When I first started posting on LiveJournal, it was primarily to figure out whether my fiction made sense to real live readers. I loved fanfiction and admired fanfic readers because they were smart, erudite women, so of course that's the audience I wanted reading my work. And sure enough, I posted fic and started getting comments and found out pretty sharpish what was what.
Right from the start, people were very kind in their reviews. Their comments were written in fan-ese, which I'm sure you're all familiar with -- even in thinky comments there is rarely overt concrit. However there were patterns of responses on individual stories which I quickly became practiced at reading:
- silence meant the fic hadn't hit the mark in some way (not necessarily the writing itself, but things like subject matter, pairing and fandom, theme etc. IMO, these factors are just as important as the writing, because it comes down to your ability to judge your audience; the catch, of course, is that with silence, you can't easily tell which aspect you've screwed up)
- lots of 'Yay! Loved it!' comments meant it was a perfectly ordinary story that hit people's buttons without being offensive
- longer and thinkier comments meant the story engaged the imagination or challenged people's assumptions in some way, and they wanted to talk about it; usually there were fewer comments on stories that triggered this
- a theme of 'more please' meant you wrote something either a) deliberately open-ended and ambiguous, or b) fudged the ending and it left people unsatisfied
- lots and lots and lots of comments, and of all different types meant that the story tapped into a cliché that spoke straight to the lizard brain -- it's not necessarily an indication of good writing. Quite the opposite in fact; it's often a bit thin and sketchy, but leans heavily on archetypes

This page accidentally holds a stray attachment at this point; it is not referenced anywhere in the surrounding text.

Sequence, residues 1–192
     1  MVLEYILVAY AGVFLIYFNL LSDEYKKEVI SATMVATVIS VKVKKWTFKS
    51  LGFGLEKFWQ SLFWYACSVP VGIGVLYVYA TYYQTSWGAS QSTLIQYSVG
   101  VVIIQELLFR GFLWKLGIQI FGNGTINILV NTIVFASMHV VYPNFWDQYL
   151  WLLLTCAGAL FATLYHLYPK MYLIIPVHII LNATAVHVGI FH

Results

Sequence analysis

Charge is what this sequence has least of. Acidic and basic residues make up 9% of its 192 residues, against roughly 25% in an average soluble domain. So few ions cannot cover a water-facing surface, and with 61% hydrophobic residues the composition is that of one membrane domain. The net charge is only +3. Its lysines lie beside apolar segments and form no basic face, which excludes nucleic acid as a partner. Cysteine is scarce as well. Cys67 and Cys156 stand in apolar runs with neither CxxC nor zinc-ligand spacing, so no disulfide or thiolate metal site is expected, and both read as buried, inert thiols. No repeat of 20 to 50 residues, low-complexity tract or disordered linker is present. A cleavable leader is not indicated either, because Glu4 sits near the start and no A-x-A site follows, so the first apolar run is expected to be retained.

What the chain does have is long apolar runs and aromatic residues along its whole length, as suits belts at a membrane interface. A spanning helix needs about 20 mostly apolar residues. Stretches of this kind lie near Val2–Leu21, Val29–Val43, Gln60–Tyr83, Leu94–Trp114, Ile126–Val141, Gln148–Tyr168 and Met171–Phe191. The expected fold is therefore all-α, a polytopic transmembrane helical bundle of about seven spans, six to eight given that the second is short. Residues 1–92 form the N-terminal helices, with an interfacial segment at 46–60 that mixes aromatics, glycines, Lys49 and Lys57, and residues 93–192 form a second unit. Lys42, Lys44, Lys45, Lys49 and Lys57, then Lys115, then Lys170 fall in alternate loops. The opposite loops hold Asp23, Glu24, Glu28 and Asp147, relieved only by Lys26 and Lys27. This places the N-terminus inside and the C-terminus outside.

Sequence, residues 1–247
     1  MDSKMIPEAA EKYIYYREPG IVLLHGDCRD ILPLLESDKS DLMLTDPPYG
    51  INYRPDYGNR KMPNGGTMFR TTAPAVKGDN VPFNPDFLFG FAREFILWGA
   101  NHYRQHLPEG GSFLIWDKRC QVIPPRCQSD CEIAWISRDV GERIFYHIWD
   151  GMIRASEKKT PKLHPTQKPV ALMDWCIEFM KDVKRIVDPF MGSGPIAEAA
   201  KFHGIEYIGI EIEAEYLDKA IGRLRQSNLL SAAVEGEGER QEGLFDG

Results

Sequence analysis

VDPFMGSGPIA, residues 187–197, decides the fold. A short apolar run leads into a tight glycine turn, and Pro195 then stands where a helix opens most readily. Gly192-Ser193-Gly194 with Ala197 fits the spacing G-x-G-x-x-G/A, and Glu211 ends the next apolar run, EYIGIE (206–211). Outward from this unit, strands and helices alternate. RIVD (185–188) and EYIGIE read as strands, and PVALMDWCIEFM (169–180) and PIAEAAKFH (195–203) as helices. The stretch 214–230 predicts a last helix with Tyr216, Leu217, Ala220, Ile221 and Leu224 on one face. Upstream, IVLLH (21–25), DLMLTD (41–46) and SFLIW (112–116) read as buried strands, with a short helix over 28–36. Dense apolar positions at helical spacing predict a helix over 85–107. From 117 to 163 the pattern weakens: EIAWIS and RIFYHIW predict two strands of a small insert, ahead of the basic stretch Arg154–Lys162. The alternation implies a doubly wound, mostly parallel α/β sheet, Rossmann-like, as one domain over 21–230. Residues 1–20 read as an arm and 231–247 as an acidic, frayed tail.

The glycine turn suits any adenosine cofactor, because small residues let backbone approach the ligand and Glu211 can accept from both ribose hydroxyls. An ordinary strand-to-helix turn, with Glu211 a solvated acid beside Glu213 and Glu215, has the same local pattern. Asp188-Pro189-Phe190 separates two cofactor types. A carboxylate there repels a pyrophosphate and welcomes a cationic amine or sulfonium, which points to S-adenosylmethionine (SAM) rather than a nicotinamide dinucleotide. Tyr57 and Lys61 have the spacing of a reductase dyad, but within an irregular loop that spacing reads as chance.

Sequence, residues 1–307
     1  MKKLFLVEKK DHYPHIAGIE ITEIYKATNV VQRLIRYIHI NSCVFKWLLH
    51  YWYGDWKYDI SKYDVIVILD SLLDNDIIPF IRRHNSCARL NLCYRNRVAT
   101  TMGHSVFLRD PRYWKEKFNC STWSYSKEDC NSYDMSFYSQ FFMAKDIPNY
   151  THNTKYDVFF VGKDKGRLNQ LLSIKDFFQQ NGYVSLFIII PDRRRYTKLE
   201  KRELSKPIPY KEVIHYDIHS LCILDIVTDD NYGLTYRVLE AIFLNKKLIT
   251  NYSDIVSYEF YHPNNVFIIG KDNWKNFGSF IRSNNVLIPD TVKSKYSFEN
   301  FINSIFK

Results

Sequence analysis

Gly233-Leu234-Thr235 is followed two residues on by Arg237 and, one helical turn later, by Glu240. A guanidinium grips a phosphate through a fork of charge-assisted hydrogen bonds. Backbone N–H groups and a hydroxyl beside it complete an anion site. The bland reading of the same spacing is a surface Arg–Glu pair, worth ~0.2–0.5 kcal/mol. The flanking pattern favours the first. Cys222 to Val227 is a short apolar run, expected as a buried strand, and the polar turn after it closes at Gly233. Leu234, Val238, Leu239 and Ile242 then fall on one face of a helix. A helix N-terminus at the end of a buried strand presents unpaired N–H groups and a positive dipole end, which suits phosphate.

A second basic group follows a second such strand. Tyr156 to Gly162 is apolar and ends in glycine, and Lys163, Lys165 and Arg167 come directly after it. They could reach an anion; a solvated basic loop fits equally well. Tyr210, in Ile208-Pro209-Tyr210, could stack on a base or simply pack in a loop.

- hardly any comments, but all of them kind of gobsmacked (in a good way) -- which meant the story hit it out of the park so well and so far that people didn't know how to react
I spent a hell of a lot of time figuring out what those comments meant, and being able to take a tiny hint (like someone writing: "I wonder what Sheppard was thinking when...") and turning it into concrit: Oh, I didn't make his motivation clear there; but I kind of like the effect. I'll have to try it again on purpose.
In hindsight, I'm pretty sure you should take that list with a giant grain of salt. Hell, take a whole salt mine. It was a great resource for me at the time, and helped me become a better writer, but I think people have a more complex relationship with comments than I realised back then, and the list is far too simplistic.
Back then I also spent a hell of a lot of time feeling guilty, because when I first started posting fic I didn't have access to the internet at home. I downloaded my comments onto floppy disk and read them offline, and I never seemed to have time to answer them all when I was online. Even once I got internet connected at home, I never seemed to be able to answer everyone. I rarely managed to leave comments on other people's stories, either (which I also downloaded and read offline for years).
I still can't do it. I just can't. Even when people write brilliant, funny things and I want to get to know them better, a lot of the time I just don't know what to say, or I'm too tired, or too busy with work, or have to choose between commenting and reccing and writing, etc.
Basically, I am that sucky fan who lurks and never comments.
To cut this already long story slightly shorter, time passed, tick tick tick, and then this weird thing happened.
I mostly got over comments.
Not just the guilt (actually, I still feel that sometimes), but the burning need for comments, and the desperate habit of tracking hits.
I just kind of... stopped. I didn't even know why. I still loved hearing from readers (and still do!), and really liked to know that I'd made people happy with my stories (ditto). But, when all was said and done, I didn't need them the same way any more.
I still talk about comments with other fans, of course, because it's one of those subjects like the weather. "Hey, I saw you got three pages of comments on the latest! Go you!" Or, "I don't know why it wasn't a mega hit, honey, I love it and it's awesome. People have no taste." You all do that, right?